For the ninth consecutive year, the TCM Classic Film Festival returns to Hollywood, April 26 through 29, 2018, as it salutes “Powerful Words: The Page Onscreen.” The festival showcases classic films and stars on the big screen as they were meant to be seen, highlighted by special programs, interviews, ceremonies, and star appearances. It offers a variety of genres for every type of vintage film fan: silents, pre-codes, epics, documentaries, sci-fi, and literary adaptations.
To honor its long time host and icon, the festival will present its inaugural Robert Osborne Award to legendary filmmaker Martin Scorsese, who has tirelessly worked to keep the cultural heritage and legacy of classic films alive for generations to come, just like the inimitable Osborne. The event occurs opening night Thursday, April 26 as part of the official Opening Night Gala at the TCL Chinese Theatre IMAX, which includes the screening of the 1968 film “The Producers,” highlighted by an interview with its director Mel Brooks.
Cicely Tyson will attend a showing of “Sounder” and have her handprints and footprints preserved at the TCL Chinese Theatre.
Several other special and unique events occur throughout the 2018 Festival. A hand and footprint ceremony honoring actress Cicely Tyson occurs Friday, April 27 at 10:30 a.m in front of the TCL Chinese Theatre. Saturday morning, April 28 at 10 a.m., passholders receive the unique treat of visiting the American Society of Cinematographers Clubhouse on Orange Drive for a Panel Discussion called “Writing With Light.” Before its use as a Clubhouse, the home served as the residence of silent actor Conway Tearle. On Sunday, April 29 from 10 a.m. to noon, Bonhams auction house will provide appraisals on classic movie items, as well as display certain select items to be featured in upcoming auctions.
Club TCM remains the place to be for those who enjoy eclectic, informative, and unique programming. Alexa Foreman’s documentary, “Scandal: The Trial of Mary Astor,” detailing the 1936 scandal that almost overwhelmed Astor after her private diaries were stolen, premieres at Club TCM on Friday night. Film historian J. B. Kaufman presents a program saluting Mickey Mouse’s 90th birthday entitled “Mickey in Hollywood” on Friday, along with other programs including a Film Biographers panel featuring Donald Bogle, Scott Eyman, and William J. Mann, a “Conversation with James Ivory,” and a documentary on the life of actress Nancy Kwan.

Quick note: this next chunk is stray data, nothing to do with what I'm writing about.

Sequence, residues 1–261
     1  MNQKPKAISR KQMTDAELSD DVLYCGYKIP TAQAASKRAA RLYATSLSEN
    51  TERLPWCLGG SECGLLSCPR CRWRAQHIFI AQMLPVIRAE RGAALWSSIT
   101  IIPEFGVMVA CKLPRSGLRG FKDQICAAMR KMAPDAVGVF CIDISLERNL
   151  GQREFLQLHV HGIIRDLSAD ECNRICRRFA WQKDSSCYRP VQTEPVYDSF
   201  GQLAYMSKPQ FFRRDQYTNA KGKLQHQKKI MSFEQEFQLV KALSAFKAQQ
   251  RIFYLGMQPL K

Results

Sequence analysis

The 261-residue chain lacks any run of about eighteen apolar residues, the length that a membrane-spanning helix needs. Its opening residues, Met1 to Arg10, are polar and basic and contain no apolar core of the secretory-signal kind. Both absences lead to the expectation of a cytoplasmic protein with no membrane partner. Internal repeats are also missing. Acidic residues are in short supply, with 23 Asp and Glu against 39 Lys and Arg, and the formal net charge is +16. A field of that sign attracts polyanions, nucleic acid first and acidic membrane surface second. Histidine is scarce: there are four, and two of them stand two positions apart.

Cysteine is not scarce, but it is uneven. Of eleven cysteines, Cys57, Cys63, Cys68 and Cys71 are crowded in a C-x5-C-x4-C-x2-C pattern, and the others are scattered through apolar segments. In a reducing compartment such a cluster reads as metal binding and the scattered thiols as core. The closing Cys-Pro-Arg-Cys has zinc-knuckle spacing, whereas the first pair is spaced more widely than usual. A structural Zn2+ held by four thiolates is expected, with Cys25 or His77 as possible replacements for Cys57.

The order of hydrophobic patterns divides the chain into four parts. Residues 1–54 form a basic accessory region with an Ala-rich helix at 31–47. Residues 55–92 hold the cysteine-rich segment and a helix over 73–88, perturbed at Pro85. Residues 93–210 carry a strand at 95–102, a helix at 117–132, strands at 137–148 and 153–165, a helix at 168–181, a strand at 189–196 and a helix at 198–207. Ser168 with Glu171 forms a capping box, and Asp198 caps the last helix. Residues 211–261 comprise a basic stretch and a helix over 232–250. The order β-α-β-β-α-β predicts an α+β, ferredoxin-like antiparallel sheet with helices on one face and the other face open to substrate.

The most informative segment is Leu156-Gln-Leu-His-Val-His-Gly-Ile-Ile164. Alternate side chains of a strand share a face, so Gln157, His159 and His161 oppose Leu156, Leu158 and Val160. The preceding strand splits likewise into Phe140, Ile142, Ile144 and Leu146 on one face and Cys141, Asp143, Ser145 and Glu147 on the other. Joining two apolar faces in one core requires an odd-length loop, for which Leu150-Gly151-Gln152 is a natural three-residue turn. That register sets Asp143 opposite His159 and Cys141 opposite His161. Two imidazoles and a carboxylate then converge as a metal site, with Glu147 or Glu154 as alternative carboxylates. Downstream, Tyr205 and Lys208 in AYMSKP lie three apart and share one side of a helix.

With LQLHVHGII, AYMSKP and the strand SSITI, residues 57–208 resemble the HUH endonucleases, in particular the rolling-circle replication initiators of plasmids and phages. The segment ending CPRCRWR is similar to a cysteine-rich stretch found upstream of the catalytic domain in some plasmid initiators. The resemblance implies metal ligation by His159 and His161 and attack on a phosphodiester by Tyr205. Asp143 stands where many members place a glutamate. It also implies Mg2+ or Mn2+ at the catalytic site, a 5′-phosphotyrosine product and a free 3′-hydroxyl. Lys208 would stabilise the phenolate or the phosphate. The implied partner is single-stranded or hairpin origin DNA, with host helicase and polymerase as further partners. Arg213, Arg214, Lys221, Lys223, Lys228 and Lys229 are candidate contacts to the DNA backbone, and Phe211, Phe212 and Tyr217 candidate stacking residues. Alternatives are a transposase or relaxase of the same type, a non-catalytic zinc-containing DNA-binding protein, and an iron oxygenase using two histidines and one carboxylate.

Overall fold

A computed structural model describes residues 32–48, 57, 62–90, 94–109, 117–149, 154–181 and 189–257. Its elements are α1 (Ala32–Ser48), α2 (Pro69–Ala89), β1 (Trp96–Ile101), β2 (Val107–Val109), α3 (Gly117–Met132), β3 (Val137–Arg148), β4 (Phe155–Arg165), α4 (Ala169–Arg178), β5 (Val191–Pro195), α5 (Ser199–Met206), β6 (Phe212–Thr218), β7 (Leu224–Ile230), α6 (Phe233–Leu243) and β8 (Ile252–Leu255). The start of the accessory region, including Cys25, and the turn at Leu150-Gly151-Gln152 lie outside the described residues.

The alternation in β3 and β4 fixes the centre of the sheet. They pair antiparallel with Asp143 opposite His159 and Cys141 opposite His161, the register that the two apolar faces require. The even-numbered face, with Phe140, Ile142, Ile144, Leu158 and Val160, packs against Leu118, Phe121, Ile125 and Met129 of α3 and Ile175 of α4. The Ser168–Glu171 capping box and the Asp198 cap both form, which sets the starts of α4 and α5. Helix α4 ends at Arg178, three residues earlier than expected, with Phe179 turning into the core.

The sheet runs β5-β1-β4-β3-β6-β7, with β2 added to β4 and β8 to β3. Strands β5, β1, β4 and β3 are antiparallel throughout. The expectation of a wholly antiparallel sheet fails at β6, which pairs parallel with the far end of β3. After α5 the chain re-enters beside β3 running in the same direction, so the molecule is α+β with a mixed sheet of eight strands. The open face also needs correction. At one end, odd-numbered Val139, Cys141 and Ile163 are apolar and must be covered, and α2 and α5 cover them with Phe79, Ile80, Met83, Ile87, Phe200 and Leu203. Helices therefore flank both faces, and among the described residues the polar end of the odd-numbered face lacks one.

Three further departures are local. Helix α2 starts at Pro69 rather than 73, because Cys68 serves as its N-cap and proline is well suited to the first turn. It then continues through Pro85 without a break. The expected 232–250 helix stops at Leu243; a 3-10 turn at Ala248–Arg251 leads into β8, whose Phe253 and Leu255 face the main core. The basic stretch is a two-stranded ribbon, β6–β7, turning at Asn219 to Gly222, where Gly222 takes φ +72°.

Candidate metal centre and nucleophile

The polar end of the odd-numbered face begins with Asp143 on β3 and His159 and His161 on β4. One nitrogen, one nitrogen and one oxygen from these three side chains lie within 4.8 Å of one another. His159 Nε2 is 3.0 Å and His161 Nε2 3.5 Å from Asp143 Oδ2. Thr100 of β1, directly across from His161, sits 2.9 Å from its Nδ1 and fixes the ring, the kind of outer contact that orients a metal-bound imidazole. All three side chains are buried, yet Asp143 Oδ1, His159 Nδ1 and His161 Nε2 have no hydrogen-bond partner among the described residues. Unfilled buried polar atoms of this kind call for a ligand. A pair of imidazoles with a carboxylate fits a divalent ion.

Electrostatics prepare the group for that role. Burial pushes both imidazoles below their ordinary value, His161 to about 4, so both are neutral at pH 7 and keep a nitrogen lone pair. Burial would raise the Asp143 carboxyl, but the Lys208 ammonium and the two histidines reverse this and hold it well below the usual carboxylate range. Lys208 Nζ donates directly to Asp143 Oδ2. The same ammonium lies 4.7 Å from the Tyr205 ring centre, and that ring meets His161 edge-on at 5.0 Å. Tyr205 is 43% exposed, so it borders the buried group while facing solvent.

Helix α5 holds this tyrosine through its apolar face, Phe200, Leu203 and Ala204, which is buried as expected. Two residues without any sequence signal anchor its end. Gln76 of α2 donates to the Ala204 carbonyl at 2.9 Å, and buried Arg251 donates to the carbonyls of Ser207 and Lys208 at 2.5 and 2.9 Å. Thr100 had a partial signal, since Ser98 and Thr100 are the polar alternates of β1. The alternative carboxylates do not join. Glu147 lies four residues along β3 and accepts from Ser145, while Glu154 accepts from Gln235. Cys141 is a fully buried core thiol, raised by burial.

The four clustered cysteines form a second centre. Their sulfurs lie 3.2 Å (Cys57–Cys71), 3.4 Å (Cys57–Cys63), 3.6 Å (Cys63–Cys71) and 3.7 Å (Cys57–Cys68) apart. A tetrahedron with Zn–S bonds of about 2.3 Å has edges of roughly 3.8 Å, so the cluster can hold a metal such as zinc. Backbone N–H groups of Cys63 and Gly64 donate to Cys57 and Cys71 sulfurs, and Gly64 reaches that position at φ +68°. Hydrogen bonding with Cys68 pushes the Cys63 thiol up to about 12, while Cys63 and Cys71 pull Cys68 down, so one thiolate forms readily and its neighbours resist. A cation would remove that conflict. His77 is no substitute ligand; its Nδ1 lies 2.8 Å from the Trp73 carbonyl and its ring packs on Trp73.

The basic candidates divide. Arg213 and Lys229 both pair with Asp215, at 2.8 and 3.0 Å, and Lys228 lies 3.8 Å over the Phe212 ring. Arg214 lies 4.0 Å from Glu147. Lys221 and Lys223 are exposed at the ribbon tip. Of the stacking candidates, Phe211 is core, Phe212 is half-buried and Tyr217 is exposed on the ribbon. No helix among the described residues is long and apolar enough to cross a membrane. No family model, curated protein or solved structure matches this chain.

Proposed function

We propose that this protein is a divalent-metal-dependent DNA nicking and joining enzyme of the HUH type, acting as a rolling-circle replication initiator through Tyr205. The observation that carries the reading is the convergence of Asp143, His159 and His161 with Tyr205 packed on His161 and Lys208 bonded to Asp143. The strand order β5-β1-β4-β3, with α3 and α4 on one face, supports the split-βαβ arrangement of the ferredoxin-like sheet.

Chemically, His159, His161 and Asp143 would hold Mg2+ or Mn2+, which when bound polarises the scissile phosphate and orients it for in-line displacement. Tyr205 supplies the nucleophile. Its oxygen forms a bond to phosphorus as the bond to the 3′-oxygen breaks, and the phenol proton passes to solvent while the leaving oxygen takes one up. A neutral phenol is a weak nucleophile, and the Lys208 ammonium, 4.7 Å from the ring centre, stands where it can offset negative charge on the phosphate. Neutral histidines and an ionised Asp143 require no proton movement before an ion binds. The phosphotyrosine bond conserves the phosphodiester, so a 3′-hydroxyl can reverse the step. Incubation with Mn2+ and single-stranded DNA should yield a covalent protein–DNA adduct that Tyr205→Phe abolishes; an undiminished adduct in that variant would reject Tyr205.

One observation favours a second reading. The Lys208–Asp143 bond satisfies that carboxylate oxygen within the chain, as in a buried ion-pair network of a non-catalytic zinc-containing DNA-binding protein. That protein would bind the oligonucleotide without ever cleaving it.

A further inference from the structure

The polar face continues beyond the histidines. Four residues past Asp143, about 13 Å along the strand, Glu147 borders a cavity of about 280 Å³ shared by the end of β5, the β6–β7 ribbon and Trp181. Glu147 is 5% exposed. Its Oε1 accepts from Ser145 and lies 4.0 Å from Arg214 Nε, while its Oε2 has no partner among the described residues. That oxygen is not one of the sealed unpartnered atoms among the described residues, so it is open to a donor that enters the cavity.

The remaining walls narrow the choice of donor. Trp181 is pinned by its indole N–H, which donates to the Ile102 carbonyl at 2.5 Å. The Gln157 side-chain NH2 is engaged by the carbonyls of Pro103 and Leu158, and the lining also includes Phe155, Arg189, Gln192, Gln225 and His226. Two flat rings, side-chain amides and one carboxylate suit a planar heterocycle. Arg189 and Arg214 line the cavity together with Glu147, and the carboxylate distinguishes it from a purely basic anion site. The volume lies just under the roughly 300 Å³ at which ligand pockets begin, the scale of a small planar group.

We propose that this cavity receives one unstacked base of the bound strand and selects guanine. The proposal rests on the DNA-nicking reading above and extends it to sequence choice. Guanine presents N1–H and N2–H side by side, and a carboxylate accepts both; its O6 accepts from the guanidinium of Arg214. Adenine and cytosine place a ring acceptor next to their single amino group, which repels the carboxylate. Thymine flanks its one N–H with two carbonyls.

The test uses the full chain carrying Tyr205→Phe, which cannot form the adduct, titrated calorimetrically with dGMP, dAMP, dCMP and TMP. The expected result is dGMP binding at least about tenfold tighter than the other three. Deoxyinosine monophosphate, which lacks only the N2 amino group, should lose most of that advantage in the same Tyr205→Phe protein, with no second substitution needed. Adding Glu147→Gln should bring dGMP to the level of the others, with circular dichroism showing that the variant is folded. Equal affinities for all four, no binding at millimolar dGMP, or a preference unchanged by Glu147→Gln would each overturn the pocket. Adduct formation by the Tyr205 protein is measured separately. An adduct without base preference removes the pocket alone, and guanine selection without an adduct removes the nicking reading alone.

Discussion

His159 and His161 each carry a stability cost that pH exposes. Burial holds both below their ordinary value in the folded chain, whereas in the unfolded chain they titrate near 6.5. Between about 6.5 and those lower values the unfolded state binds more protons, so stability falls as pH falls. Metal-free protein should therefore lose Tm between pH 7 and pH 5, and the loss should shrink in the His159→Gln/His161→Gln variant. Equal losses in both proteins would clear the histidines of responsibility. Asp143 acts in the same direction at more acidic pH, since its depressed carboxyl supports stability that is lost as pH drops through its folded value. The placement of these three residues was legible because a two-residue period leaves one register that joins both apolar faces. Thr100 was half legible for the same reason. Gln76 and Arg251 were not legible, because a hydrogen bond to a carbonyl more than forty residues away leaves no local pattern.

Martin Scorsese will receive the first Robert Osborne Award for film preservation.
Saturday’s programming features another amazing “Hollywood Home Movies” program from the Academy Film Archive hosted by Randy Haberkamp and Lynne Kirste. Other programs that day include conversations with directors Gilliam Armstrong and Robert Benton and the program, “Through a Lens of Color: Black Representation in Film.”
Sunday’s Club TCM programming opens with a program called “Growing Up Mankiewicz,” featuring TCM host Ben Mankiewicz and other relatives discussing their famous family heritage. That afternoon, TCM hosts a truncated version of the Mostly Lost Film workshop held at the Library of Congress and hosted by Rob Stone, in which unidentified clips of films are shown in hopes they can be identified. Ben Model will also present a short program on how silent film comedians employed camera trickery.